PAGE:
E. A two-sided moral hazard?

The increasing cost structure of the SDRM is designed to ensure that neither the creditors nor the debtor have a temptation to hurry to the SDRM phase before exhausting all possibilities of a voluntary PSI solution. The argument could be made that, even in the absence of an increasing cost structure, it is not possible to have both creditor and debtor moral hazard at the same time (two-sided moral hazard), and that moral hazard is possible only on one side of the market. Indeed, two-sided moral hazard is not possible only under prefect information and rational expectations: in this case, the parties know beforehand what the solution of the game is and both cannot expect simultaneously to gain more from the SDRM than from the pre-SDRM phase, since the payoff from the SDRM phase will only be to the advantage of one but not the other. However, under the conditions of uncertainty and asymmetric information that typically characterize a crisis, the parties do not know the solution and both may have reasons to believe that each will gain more from the SDRM phase than from the pre-SDRM one.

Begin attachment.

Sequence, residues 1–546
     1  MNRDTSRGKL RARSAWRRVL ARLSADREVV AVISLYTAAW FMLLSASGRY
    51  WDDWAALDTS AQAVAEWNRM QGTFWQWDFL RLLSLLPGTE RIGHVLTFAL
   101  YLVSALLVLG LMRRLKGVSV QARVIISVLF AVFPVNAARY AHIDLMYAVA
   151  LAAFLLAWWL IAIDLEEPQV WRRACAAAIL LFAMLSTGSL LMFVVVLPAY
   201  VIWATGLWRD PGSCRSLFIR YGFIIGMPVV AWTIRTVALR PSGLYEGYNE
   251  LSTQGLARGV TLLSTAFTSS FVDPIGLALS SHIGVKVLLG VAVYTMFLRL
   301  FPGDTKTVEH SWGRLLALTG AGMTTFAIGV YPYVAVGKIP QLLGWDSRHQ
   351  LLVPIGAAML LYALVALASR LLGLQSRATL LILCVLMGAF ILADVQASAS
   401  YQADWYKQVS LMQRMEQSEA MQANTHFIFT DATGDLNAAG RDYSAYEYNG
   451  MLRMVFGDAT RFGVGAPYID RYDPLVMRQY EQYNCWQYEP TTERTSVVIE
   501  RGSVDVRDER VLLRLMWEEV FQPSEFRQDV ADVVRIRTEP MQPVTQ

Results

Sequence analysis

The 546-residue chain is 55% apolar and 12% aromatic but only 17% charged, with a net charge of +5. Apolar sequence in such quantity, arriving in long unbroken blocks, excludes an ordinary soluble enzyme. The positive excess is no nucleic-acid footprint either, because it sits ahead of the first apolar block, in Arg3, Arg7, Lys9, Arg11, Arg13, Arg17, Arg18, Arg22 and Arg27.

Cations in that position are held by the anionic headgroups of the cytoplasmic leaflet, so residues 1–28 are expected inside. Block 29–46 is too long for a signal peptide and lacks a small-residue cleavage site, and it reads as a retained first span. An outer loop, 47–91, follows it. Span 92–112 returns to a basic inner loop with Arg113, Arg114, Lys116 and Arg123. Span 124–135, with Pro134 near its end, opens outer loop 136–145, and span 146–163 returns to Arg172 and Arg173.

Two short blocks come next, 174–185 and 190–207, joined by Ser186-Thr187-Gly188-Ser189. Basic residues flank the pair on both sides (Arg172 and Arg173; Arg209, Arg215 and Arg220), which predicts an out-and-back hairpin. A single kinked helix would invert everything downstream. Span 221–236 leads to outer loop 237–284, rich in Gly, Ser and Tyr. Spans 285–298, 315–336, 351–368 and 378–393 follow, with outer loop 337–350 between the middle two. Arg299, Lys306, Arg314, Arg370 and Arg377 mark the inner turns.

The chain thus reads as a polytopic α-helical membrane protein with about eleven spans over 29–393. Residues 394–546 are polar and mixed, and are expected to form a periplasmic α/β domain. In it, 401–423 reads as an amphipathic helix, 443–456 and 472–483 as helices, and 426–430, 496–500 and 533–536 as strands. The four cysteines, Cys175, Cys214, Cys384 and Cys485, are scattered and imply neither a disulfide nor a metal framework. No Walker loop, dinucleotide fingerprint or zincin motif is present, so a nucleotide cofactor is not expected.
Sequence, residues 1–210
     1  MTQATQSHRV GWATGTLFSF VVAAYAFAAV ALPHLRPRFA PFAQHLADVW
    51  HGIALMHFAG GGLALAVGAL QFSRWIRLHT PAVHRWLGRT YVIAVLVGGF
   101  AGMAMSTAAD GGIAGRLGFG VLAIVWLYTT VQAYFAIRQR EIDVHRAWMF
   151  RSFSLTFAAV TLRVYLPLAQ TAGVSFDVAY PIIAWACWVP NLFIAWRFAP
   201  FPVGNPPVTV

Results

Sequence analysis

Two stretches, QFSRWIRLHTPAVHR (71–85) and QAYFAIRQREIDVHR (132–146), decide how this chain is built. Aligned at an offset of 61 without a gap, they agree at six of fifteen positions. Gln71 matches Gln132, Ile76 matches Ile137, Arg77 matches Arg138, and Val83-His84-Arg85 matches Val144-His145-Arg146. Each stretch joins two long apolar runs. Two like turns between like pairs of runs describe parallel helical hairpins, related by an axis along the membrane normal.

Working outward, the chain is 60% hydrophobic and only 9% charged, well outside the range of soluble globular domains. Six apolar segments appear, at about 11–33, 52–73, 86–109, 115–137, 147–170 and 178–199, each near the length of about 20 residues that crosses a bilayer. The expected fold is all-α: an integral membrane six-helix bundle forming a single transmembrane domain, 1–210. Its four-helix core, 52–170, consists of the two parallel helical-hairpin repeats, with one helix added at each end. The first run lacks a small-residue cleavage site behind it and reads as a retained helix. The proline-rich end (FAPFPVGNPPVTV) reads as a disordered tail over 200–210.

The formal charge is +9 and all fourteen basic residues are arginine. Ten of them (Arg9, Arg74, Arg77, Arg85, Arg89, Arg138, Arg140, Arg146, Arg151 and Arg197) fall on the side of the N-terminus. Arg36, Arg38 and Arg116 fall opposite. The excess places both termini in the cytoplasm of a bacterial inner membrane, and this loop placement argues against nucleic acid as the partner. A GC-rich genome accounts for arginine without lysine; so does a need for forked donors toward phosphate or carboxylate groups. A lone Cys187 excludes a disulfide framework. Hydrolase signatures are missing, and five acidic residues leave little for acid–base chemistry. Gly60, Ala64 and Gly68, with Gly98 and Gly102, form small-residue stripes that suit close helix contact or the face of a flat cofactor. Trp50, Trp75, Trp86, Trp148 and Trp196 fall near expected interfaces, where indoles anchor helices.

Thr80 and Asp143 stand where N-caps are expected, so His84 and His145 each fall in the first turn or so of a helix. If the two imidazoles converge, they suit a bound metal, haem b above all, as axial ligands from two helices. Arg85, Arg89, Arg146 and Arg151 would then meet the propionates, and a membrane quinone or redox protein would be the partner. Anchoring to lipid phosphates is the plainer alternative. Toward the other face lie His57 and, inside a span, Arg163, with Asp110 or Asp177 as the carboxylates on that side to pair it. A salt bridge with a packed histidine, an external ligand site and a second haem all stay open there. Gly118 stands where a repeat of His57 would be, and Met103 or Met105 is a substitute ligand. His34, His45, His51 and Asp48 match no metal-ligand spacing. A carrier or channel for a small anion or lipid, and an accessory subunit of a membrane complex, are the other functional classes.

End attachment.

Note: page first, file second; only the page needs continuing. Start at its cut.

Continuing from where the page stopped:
In this case, two-sided moral hazard is possible and it is important that it be ex ante excluded through a credible SDRM cost structure. If the parties anticipate strictly increasing costs along the sequence of steps, none would have an incentive to skip one step for the next.

IV. Optimal sequence for the SDRM